Lessons about People Development and Leadership in a Post-Covid-19 World
Lessons about People Development and Leadership in a Post-Covid-19 World

As some parts of the world start to recover from the pandemic, we are cautiously coming to grips with the repercussions, both at work and at home. It is time to look back and assess. What lessons have we learnt about our ways of working? How did we manage with the challenges? What else is left to do in terms of learning and development goals and initiatives?

In 2021, MERIT puts the focus on the three aspects that every business leader and L&D executive needs to consider in their short- and long-term planning. Fitting all three pieces neatly together – people development, leadership development, and organisational development – should help you solve the puzzle for a healthy L&D strategy.

Has your organisation implemented an initiative you are proud of? The MERITs Awards welcome you to the stage to present it.

The power of people development and collaboration

While Covid-19 put established learning processes to the test, the past year also showed us the importance of expanding our range of learning methods and exploring new ways to deliver them. For some organisations, advanced neuroscience research has suggested new learning initiatives or optimising old ones. Others opted to rely on custom-built gamified experiences to encourage engagement and retention of knowledge.

Regardless of the medium, social learning is on the rise, propelled by the availability and ease of online collaboration tools. In 2021 and beyond, learning collaboratively and across departments will remain essential as it unites employees and develops their empathy. Organisations that master cross-departmental training, and have the right structures to facilitate it, will also reap diverse rewards.

Some of the most successful people development initiatives attribute their success to content curation that engages employees in their own learning. When leaders actively involve their workforce in designing important business and change management programmes, employees are more likely to commit to these efforts. As Forbes Magazine pointed out: “People best support change if they feel it’s being done with them and not to them.

Leadership development with a focus on resilience and empathy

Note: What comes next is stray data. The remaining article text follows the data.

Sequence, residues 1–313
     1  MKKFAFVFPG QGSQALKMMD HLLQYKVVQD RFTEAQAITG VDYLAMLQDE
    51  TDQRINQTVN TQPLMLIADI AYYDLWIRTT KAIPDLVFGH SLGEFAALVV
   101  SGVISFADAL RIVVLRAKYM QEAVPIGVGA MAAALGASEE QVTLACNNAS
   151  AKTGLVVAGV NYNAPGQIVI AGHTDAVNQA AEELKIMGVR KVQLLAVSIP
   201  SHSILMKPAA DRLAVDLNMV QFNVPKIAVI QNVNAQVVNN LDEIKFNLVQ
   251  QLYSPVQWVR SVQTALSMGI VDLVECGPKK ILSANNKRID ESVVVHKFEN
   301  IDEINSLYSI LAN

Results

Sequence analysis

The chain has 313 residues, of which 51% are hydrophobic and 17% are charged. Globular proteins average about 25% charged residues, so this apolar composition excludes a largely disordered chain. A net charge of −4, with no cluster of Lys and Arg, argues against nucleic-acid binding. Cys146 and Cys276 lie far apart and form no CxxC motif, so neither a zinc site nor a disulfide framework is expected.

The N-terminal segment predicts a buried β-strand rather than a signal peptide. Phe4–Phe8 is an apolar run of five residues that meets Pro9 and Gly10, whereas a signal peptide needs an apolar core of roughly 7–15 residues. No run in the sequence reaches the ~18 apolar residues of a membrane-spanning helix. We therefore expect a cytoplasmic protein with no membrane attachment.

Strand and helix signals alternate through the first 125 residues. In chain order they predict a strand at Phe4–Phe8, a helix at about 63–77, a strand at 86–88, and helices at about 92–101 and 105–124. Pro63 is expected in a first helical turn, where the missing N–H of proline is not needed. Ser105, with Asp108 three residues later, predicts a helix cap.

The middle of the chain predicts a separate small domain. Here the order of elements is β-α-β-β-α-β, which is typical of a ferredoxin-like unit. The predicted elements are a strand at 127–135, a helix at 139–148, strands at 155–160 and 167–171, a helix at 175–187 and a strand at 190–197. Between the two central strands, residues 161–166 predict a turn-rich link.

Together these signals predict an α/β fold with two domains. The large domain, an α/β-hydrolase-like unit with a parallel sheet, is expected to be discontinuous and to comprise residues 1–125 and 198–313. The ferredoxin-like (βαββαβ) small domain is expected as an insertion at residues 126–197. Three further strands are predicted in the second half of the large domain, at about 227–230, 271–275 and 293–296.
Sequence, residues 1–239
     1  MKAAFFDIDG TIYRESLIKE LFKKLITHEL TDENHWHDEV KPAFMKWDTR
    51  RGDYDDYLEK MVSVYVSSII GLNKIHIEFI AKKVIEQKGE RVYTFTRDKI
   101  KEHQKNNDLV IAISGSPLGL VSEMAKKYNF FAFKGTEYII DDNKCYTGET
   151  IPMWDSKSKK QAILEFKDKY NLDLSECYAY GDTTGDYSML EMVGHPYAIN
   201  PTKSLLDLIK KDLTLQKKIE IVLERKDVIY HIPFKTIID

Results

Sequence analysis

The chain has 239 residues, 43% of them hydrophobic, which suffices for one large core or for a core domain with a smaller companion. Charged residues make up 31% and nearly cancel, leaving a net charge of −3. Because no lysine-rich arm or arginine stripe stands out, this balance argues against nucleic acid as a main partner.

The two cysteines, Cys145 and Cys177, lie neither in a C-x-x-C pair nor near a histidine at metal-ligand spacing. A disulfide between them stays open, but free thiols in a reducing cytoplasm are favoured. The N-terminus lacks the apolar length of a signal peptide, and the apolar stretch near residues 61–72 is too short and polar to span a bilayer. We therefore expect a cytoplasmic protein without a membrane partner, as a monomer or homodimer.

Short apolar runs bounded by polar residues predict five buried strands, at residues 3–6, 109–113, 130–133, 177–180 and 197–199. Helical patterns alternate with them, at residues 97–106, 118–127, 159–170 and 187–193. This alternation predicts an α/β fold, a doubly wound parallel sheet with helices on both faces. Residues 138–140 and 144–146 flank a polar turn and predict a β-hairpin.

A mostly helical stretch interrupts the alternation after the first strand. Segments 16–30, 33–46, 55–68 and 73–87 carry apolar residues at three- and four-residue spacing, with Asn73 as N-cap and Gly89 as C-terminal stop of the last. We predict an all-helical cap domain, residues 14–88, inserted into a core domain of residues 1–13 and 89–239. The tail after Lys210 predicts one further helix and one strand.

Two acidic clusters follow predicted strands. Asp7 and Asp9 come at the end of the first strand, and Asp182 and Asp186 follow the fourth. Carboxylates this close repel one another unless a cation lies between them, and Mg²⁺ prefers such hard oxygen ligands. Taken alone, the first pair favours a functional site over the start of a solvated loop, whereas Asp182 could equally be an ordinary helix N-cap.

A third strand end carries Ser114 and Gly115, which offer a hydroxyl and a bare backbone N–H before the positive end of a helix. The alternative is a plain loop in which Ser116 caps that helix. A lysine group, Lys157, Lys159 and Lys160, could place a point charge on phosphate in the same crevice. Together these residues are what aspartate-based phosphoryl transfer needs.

Moreover, encouraging people to define their individual career paths and learning goals should reach every level of the organisation. Rather than accepting a one-way cycle of training and promotion, L&D programmes fair best at supporting managers and aspiring leaders to become co-creators of their leadership development.

If there is one other takeaway to remember and build upon, it should be about the leadership skills that proved most important during the crisis. Openness, empathy, resilience, and the ability to communicate will drive organisations and their leaders forward, a report from the CEMS–Global Alliance in Management Education found. “Pre-pandemic, 13% [of respondents] would have pointed to resilience as a necessary leadership skill; post-pandemic, that number increases to 34%,” is further highlighted in the report. It seems that leadership development initiatives that address these core skills will be able to best navigate the “next normal” at the workplace.

Organisational development – indispensable in times of crisis

Francis Lake, head of Organisational Development at Virgin Money, says that while HR facilitates jobs, organisational development encourages businesses to “consider the work that needs doing and match it to the skills and resources required to make it happen”. As important as this role sounds, the responsibility it bears increases significantly during unprecedented times.

Before Covid-19, initiatives in organisational development may have supported companies and steered them during a process of gradual restructuring, for example. During the crisis, organisations had to think on their feet, act faster, and implement measures that are much more profound.

Without the appropriate organisational development efforts, many businesses and institutions would not have been able to handle the restructuring of teams and the formation of new ones, improvements in employee welfare, or enabling virtual recruitment.

Take a moment to recognise the scale of these changes – for your organisation in particular and for the world of work as a whole. To continue the conversation on new ways of learning and spread the word on successful L&D initiatives, join the MERITs Awards in September. Apply now and gain a 10% discount from the upcoming Summit in Lisbon.


By Zornitsa Licheva